Last Sunday I visited the Tokyo National Museum to view “Treasures of the Imperial Collections – Splendor of Japanese Art” which was a display of well-known Japanese art, in fact art that the majority of Japanese read and learned about during their school years. Such imperial treasures are shown, in Tokyo, once during an emperor’s reign. This exposition was to celebrate the emperor’s 20th year as Japan’s ruler.
I particularly like Japanese screens and scrolls which depict famous historical scenes and stories, for instance, the renowned story of Genji was represented on a number of screens. The illustrious scroll of Prince Shotoku (c574-622) with two young princes – it is one of the oldest Japanese paintings still in existence – was also shown off. The princes are all dressed in flowing robes and are wearing curled up toed shoes which were apparently fashionable in Korea and China at that time. It was amazing to be viewing such treasures including calligraphy from the 8th century. There was also a type of biwa (it looks a bit like a guitar with a slimmer neck with four strings and five frets, I gues it is a lute) which was stunning, as too were some very old mirrors made of silver, vases and urns which are hundreds of years old. The craftsmanship is astounding.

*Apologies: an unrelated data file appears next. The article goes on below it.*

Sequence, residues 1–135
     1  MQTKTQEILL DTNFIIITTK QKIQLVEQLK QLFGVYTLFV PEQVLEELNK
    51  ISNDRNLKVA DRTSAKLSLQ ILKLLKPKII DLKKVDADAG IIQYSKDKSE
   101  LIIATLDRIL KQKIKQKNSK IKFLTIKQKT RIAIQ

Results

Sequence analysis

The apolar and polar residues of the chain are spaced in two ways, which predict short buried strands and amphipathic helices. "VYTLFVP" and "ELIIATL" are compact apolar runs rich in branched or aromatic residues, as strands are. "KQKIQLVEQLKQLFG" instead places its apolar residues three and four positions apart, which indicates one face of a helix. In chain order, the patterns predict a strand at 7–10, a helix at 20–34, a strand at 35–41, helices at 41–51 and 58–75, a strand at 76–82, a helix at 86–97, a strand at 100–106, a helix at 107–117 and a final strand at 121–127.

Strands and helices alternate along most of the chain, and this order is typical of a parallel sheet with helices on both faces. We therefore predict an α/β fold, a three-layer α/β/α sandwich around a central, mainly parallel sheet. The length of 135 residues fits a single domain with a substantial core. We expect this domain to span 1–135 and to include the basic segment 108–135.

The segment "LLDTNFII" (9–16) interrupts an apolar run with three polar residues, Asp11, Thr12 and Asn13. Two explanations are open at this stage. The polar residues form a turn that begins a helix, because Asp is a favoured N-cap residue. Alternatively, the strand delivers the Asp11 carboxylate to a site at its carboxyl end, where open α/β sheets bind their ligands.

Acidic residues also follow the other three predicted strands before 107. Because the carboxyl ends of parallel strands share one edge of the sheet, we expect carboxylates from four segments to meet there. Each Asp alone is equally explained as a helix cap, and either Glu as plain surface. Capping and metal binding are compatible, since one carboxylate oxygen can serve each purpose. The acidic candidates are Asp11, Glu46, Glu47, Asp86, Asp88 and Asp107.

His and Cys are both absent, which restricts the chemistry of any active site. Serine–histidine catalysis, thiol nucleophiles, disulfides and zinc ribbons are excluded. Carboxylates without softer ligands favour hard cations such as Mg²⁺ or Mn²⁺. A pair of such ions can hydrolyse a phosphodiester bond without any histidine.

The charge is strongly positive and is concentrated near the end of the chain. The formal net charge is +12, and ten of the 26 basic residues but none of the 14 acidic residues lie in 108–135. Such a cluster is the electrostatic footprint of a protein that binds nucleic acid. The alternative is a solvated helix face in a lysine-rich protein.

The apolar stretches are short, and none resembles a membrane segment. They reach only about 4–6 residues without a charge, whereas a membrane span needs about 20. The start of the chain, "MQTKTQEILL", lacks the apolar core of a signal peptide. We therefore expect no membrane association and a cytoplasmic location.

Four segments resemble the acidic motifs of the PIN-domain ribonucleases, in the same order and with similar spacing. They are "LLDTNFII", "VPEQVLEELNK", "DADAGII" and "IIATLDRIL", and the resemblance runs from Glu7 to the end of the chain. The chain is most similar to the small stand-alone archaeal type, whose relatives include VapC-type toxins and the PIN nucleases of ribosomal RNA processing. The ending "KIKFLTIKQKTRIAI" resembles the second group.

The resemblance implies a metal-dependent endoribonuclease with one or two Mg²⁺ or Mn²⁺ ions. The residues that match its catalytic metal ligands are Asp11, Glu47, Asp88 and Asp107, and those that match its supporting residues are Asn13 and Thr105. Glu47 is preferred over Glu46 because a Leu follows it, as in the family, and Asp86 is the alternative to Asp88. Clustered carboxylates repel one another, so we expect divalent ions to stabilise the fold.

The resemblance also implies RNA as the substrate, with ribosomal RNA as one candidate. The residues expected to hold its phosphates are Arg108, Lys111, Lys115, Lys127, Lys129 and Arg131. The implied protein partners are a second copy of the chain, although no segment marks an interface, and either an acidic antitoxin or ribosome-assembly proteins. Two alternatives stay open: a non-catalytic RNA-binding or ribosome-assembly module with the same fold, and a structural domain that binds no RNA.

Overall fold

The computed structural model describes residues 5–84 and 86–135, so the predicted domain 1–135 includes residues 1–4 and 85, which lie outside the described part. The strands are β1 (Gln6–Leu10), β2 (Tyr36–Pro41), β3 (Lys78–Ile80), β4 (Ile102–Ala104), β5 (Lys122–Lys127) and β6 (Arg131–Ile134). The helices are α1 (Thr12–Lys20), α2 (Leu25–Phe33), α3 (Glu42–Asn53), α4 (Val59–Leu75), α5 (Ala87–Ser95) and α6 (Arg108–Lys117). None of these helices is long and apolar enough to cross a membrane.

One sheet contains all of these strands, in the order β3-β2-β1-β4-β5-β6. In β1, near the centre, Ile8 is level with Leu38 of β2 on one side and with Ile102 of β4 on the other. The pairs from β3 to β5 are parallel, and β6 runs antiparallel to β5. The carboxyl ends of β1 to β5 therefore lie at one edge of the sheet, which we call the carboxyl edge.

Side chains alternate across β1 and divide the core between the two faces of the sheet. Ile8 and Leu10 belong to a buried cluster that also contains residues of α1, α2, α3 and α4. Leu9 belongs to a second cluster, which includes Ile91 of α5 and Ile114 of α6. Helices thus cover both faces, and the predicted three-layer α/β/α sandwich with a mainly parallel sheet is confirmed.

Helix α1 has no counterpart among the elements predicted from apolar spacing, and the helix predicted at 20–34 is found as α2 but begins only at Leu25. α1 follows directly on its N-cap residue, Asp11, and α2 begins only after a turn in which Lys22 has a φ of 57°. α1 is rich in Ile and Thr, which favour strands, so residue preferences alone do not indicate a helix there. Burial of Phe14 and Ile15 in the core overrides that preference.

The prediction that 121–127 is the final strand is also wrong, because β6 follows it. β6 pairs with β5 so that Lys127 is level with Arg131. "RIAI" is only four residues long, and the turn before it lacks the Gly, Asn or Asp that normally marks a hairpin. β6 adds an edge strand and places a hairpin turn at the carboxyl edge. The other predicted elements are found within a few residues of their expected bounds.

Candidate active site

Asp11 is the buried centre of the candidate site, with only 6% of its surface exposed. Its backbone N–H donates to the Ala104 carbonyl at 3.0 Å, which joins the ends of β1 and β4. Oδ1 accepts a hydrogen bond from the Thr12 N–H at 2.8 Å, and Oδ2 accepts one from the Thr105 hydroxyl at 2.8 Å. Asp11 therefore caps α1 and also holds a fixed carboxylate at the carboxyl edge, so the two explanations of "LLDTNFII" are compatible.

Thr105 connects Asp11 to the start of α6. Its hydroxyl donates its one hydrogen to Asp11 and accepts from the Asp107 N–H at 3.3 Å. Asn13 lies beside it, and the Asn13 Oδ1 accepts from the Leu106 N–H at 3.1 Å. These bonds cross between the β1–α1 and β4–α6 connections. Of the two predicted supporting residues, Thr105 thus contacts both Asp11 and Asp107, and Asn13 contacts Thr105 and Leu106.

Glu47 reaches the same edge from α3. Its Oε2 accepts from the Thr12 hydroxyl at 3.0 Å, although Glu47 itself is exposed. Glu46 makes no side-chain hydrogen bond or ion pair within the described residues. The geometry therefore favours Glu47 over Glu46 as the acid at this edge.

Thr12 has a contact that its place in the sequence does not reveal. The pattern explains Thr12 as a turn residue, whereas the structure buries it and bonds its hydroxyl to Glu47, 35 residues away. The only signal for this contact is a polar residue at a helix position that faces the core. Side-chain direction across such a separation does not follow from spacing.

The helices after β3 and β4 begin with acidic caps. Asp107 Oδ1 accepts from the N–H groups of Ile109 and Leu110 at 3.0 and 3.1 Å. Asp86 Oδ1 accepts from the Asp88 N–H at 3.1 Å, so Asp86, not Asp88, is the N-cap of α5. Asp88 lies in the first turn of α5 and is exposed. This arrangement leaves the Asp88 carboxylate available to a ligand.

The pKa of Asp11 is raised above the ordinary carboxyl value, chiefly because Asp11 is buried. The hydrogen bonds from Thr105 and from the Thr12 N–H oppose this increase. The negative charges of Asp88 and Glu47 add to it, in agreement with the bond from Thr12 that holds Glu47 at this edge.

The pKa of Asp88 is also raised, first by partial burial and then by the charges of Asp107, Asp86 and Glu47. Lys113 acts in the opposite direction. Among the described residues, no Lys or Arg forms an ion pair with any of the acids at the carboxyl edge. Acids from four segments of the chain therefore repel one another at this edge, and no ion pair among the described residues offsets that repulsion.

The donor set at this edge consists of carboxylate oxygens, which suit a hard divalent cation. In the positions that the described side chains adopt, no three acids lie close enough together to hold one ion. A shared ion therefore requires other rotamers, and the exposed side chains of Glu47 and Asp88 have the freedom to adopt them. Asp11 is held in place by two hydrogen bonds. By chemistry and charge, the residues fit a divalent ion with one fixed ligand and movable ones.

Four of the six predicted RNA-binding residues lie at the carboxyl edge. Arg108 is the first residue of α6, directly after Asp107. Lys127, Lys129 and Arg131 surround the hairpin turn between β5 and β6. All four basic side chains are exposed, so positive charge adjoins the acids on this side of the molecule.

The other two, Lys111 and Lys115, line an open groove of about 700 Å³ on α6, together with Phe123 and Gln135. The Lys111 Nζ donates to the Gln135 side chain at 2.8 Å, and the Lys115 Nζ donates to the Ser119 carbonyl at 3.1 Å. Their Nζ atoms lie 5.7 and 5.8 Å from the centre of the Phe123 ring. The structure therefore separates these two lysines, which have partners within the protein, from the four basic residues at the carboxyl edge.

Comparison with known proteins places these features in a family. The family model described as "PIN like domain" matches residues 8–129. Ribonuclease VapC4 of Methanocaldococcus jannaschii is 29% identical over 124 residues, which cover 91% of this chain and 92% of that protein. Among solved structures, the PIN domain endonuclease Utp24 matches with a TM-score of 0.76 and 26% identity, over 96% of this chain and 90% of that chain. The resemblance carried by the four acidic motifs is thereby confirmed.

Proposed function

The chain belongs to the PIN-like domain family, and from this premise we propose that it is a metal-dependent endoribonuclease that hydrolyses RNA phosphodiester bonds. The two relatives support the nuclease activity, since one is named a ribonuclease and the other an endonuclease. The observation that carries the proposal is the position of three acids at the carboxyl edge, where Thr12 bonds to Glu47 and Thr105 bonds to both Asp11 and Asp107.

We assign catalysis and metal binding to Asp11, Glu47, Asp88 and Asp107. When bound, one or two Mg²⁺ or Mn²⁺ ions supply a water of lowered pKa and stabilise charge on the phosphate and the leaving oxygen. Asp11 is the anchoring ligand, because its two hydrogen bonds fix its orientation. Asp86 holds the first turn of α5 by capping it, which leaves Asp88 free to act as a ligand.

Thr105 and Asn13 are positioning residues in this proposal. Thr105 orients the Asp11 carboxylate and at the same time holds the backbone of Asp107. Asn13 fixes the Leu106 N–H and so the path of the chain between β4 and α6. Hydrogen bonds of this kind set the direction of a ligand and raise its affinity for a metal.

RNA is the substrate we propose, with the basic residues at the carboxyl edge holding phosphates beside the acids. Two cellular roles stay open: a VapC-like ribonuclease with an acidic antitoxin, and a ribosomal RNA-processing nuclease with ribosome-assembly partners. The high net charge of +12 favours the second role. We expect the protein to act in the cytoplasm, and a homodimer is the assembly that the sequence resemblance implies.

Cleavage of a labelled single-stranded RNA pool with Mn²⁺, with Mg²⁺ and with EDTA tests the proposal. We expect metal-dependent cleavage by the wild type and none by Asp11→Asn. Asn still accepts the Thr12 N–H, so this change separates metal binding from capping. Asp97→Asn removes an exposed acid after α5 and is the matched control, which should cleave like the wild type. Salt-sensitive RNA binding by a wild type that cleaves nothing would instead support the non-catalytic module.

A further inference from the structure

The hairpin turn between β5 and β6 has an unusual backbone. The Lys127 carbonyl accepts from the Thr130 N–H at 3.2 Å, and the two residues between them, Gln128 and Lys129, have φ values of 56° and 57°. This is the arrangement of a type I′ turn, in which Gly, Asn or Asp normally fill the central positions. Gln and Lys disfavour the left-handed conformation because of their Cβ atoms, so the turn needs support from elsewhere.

It was indeed a privilege to view these revered Japanese treasures for two reasons: firstly, that I was given two tickets to the exhibition by a Japanese gentleman who I see quite often, when I am handing out flyers, and with whom I exchange greetings whenever I see him, otherwise I would not have even known that this exhibition was taking place and secondly, because I had to wait 40 minutes to enter the museum which I done because at that time it was not raining and also that I wanted to attend the showing in order to demonstrate my appreciation for the free tickets that I was given. I am so pleased that I was presented with such a wonderful opportunity to view this valuable and ancient Japanese art.
The Tokyo National Museum was established in 1872 and is the largest and oldest museum in Japan
Smith’s School of English – Koenji